Things are heating up…

Continue reading

Justice League Unlimited – Epilogue (Review)

At the time Epilogue was written, the creators didn’t know that Justice League Unlimited would get another season. The show ultimately got another year on television, but Dwayne McDuffie and Bruce Timm constructed Epilogue so that it would serve as something of a coda to the entire animated DC universe, stemming as far back as On Leather Wings. It actually works almost perfectly, bringing everything a full circle. Justice League and Justice League Unlimited consciously pushed Batman to the periphery, which made a bit of sense. After all, the character had anchored two shows already. However, Epilogue moves Batman back to the centre, re-establishing Bruce as the core of the animated DC universe and giving him a (mostly) happy ending a few years before The Dark Knight Rises would do the same thing.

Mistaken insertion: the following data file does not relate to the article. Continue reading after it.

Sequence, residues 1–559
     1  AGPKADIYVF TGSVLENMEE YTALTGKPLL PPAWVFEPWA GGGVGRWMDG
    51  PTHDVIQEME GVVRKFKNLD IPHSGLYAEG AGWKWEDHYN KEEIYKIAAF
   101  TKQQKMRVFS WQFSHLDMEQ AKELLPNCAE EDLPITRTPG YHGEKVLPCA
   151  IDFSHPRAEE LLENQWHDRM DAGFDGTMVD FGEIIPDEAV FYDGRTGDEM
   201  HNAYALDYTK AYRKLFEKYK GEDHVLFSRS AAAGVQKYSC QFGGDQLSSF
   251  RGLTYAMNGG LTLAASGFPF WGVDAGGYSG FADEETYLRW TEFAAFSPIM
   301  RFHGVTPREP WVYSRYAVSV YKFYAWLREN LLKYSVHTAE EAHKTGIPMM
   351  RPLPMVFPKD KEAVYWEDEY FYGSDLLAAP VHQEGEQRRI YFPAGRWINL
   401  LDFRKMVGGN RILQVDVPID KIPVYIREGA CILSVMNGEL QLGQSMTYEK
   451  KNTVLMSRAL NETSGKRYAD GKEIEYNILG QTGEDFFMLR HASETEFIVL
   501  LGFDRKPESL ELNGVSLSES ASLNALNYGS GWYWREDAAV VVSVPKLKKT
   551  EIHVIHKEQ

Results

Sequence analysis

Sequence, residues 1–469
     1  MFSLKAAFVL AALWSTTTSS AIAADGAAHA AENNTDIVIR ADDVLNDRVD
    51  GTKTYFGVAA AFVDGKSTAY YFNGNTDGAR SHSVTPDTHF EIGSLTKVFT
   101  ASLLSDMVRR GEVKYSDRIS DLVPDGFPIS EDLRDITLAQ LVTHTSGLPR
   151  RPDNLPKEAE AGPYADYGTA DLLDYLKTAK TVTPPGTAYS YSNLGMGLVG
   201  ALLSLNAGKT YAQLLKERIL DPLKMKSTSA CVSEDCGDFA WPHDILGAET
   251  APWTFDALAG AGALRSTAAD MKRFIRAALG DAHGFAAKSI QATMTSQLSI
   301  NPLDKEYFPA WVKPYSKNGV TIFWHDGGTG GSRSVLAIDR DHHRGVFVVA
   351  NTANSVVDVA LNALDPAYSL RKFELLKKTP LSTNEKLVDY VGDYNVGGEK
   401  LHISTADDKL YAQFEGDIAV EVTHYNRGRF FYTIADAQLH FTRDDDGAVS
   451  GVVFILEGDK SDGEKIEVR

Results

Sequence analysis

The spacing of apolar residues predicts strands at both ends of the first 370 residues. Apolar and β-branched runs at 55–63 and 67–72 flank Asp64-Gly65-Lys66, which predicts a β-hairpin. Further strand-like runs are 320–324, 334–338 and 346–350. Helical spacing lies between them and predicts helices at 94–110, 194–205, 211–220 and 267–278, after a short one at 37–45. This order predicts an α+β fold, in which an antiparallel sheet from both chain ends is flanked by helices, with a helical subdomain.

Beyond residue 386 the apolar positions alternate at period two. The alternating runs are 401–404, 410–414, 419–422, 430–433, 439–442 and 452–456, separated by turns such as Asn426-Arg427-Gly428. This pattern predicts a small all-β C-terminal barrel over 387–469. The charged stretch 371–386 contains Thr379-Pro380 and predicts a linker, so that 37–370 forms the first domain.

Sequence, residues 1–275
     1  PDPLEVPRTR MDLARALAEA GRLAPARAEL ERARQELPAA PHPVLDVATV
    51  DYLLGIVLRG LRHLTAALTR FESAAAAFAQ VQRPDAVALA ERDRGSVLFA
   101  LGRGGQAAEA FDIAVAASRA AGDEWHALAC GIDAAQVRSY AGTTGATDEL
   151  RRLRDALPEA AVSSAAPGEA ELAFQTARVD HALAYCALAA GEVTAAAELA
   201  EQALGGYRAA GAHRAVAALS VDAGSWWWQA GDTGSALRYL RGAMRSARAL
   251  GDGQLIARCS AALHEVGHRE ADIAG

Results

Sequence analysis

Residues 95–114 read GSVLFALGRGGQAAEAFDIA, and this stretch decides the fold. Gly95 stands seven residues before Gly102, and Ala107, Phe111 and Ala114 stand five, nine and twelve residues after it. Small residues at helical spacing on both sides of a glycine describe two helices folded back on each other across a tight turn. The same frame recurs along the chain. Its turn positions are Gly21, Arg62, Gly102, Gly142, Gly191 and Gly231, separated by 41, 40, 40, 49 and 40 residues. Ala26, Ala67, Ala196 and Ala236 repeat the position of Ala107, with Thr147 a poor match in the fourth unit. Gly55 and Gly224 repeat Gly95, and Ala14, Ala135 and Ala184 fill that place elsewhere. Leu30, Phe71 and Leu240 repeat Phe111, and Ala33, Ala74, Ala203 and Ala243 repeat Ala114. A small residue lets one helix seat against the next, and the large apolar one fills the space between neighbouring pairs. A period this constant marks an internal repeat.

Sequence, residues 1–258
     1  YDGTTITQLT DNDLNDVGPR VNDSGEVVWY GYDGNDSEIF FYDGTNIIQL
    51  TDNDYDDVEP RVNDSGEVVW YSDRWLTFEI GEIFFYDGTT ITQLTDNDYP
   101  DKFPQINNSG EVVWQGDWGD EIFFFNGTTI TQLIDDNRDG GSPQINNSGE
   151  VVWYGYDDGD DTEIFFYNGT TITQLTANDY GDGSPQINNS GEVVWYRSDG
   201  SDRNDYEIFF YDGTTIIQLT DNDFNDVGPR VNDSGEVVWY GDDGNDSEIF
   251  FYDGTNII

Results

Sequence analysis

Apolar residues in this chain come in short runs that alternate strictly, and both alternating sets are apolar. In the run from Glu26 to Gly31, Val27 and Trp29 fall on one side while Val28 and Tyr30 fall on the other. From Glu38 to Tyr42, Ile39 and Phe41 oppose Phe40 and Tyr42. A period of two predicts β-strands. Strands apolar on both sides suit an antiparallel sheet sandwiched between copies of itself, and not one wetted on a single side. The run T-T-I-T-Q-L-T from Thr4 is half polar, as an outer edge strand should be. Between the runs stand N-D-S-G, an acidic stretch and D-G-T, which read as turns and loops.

One final spotlight on Batman…

Continue reading

Scott Snyder’s Run on Detective Comics – Batman: The Black Mirror (Review)

To celebrate the release of The Dark Knight Rises, July is “Batman month” here at the m0vie blog. Check back daily for comics, movies and television reviews and discussion of the Caped Crusader.

These past few years have been a great time to be a Batman fan. On top of Christopher Nolan’s acclaimed Dark Knight trilogy, you’ve also had the Arkham Asylum video games, Grant Morrison’s genre-busting run on Batman & Robin and now Scott Snyder joining the franchise. Indeed, even the lesser on-going series (like Tony Daniel’s Batman or Paul Dini’s Streets of Gotham) are still relatively entertaining, if significantly flawed. However, when good creators have gotten their hands on the Batman mythos in the past five years or so, incredible things have happened. And Scott Snyder’s Detective Comics run, The Black Mirror, is one of those incredible things.

Jump in…

Continue reading